The subject of logistics is not one that often reaches the uppermost levels of business media headlines. But, in the current international atmosphere of supply chain troubles and widespread shipping congestion, the topic is a timely one.
One result of the current surge in interest in logistics includes potential solutions and workarounds for all the latest snafus, blockages, holdups, and delays in the movement of huge amounts of goods across oceans. What are the most cost-efficient techniques for beating the shipping logjam at its own game?
Fortunately, the newest versions of analytics or big data are already demonstrating their potential for helping move merchandise and raw materials from Point A to Point B, wherever those points happen to be. Owners and managers are leveraging the power of massive datasets in areas as varied as warehousing and visual-based analytics to speed up the transport of commercial products.
Other applications include strategic planning, multiple kinds of maintenance, the collection of accurate physical addresses, operational planning, last-mile solutions, cargo tracking, better customer service, management of perishable inventory, route optimization, and many more.
Consider the following real-life applications of how modern businesses employ advanced analytical solutions to navigate the daily challenges of supply chain logistics.
Analysis rooted in any kind of visual presentation, hard copy or computer-based, is the essence of visual analytics. Many types of companies use real time analytics in the same way weather forecasters collect various statistics to produce a reliable guess about tomorrow’s chance of rainfall.
In a similar way, gamblers amass team and player stats to set odds about the results of next week’s sports contests. Recently, visual analytics has been building a large following among managers, entrepreneurs, politicians, and medical professionals.
The reason is simple in that human beings are more apt to understand concepts presented in visually analytical formats than written, textual ones. Visual analytics is, of course, a cousin of the beloved business practice of data visualization, but it goes further because it’s not just the final output but the whole process of creating the estimates, forecasts, and predictions in the first place. It’s no exaggeration to say that almost every field of commercial business can benefit from visual analytics.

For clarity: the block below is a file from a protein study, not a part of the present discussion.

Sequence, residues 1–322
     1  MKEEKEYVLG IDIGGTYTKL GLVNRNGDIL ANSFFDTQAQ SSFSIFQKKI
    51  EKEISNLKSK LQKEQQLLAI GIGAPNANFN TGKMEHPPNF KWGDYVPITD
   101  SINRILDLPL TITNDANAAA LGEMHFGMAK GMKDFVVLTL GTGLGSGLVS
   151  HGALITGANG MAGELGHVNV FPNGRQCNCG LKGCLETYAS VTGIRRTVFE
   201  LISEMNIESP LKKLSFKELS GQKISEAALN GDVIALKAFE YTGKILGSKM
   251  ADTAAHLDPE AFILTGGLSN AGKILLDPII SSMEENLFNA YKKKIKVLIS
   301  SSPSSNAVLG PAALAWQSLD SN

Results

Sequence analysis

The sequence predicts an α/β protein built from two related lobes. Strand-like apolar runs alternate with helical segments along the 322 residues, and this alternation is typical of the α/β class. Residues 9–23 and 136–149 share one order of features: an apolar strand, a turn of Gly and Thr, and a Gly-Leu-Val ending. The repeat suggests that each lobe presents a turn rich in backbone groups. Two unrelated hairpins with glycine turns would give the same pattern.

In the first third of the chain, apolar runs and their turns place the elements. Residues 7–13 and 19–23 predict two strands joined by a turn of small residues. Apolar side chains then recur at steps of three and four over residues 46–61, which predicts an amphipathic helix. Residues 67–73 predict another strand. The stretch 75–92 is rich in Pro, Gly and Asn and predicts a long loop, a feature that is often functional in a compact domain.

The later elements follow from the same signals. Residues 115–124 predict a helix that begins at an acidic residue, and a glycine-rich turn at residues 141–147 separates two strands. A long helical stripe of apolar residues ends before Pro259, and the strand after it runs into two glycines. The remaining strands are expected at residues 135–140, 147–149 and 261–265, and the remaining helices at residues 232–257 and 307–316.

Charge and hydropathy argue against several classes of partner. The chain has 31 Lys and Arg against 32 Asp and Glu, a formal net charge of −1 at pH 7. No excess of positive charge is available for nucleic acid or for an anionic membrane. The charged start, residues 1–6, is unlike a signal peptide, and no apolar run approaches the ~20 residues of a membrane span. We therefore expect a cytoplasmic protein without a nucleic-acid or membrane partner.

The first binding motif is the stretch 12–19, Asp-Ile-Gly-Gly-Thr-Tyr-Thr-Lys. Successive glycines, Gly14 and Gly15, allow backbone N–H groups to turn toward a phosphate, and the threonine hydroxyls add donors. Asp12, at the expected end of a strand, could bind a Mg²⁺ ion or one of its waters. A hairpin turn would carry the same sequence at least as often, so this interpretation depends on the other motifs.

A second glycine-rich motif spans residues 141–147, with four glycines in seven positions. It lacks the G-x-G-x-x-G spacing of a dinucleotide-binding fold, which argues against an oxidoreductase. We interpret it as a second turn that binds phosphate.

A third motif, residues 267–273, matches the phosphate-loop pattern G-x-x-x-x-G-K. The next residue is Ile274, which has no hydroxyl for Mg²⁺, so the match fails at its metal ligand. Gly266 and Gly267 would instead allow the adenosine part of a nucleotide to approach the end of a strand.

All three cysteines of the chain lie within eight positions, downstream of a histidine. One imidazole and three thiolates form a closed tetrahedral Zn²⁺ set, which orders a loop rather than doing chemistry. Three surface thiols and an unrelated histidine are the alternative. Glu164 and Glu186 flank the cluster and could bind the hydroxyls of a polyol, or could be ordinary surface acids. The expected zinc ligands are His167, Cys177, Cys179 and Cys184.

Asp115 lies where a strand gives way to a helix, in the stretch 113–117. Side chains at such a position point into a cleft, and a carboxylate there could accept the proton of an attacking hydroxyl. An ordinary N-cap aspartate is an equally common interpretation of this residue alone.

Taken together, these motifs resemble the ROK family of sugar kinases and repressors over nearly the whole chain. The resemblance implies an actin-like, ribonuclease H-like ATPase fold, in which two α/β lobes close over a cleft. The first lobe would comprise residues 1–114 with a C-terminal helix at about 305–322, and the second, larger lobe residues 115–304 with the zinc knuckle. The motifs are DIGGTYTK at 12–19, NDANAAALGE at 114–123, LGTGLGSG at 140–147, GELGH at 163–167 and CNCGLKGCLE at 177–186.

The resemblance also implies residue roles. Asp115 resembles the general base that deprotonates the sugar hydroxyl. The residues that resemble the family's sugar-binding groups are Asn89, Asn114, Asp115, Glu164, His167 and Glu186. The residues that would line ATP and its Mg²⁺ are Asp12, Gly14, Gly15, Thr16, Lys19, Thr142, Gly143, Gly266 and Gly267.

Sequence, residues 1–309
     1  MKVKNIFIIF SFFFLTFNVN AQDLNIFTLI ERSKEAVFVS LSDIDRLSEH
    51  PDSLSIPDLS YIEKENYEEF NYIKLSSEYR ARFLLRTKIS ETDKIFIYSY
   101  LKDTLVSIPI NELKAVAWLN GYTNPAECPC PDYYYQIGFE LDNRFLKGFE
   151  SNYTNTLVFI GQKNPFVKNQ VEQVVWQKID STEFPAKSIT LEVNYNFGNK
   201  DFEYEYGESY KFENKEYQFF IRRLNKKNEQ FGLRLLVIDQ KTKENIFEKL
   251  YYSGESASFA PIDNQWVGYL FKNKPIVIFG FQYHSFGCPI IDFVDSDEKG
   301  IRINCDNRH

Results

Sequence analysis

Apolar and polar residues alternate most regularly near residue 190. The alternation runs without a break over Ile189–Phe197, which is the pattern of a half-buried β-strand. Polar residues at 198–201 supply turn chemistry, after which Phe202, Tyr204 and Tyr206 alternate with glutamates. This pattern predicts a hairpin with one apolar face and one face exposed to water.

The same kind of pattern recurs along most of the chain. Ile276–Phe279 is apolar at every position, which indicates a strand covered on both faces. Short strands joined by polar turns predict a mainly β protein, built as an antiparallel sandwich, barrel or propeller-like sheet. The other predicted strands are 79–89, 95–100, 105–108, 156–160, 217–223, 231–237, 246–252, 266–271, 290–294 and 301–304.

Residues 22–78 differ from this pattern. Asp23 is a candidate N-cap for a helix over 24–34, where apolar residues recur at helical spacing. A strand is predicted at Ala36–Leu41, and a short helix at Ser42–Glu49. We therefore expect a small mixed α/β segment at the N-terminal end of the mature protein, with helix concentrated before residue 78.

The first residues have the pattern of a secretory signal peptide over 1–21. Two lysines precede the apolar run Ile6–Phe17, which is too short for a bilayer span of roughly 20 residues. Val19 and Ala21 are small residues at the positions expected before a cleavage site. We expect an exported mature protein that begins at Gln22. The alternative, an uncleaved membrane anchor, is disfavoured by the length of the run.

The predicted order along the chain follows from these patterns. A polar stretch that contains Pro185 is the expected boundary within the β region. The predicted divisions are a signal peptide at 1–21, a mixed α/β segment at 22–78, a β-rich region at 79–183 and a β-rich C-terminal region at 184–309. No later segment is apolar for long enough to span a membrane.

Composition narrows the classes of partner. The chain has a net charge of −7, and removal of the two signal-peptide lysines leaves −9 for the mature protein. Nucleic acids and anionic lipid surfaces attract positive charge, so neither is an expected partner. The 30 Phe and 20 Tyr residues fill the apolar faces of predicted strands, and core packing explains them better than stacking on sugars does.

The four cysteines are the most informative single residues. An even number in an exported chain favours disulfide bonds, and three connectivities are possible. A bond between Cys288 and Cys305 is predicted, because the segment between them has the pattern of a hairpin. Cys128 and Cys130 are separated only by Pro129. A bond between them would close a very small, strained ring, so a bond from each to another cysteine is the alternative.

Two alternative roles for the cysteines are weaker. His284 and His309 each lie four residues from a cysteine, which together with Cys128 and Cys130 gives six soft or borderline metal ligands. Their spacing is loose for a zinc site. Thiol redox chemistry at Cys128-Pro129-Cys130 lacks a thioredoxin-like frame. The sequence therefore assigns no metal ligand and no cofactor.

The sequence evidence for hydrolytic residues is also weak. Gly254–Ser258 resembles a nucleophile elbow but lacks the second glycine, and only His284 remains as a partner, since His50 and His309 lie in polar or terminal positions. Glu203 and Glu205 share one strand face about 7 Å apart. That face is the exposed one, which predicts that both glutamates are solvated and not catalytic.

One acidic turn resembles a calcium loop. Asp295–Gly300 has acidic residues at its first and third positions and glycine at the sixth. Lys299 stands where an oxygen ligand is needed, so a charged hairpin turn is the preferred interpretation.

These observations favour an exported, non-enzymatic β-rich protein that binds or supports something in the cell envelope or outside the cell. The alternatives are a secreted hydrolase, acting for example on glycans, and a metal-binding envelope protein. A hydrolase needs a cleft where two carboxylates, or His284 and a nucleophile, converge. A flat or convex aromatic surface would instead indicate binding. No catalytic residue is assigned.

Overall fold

When it comes to visibility on a particular route, no matter the location of the supply chain, analysis of big datasets offers significant advantages over traditional tracking practices. One of the perks of the newest systems is that both buyers and sellers can receive timely email or text updates at any point in a delivery route. That includes letting all parties know about slowdowns, stoppages, or any other kind of congestion in the chain.
How is it done? Businesses that transport goods employ a number of tactics, including barcodes, GPS-enabled scanners, product tags that offer RFID technology, as well as a host of techniques that have the ability to pinpoint the locations of merchandise 24/7. In most cases, the wealth of automation works to the advantage of both sellers and buyers by moving products faster and at a lower overall cost.
All categories of perishables, not all of which are food items, present special challenges for businesses that sell them. For one thing, most retailers that offer perishable products, like fresh vegetables, do not enjoy the luxury of operating with large profit margins. In fact, narrow margins have long been a main feature of the grocery segment.
One result is that sellers must be particularly careful about inventory levels of anything that has a potentially high spoilage rate. Apples, lettuce, bread, and milk are common members of this grouping. There is no more time-sensitive category of commercial goods than perishables.
Time not only leads to spoilage but can also cause dangerous forms of biological contamination that have the potential to invite legal action from ill customers. For most merchants in this sector, the solution includes meticulous attention to barcodes and techniques that can assess the rate of spoilage or decay at any point in a particular route. That way, sellers can discover potential contamination and product quality issues even before the goods arrive on their loading docks.
There’s much more to route optimization than meets the eye. In fact, the challenge is perhaps the single biggest management hurdle in the transport industry. Because there are dozens, sometimes hundreds, of possible scenarios for any given shipment, even the most routine errors can lead to huge routing problems. The result of everyday mistakes can lead to high expenses and lower profits.
What’s the answer? For many businesses, it’s big data and the many tools of analytical application. Routing experts rely on traffic patterns, reams of shipping information, regional climate forecasts, and other parameters to construct the most cost-efficient route for a given load. While shortest does not always translate to cheapest, it is often the case that merchants can and do save money by avoiding long routes.